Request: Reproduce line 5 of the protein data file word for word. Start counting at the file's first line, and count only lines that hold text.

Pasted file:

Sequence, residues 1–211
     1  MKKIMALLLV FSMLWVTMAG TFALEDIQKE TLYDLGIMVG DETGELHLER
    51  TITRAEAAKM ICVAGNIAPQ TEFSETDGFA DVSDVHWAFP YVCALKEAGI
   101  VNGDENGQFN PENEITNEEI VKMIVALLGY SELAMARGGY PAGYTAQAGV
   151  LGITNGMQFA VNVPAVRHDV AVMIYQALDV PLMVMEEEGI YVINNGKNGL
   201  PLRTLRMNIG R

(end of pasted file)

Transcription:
   151  LGITNGMQFA VNVPAVRHDV AVMIYQALDV PLMVMEEEGI YVINNGKNGL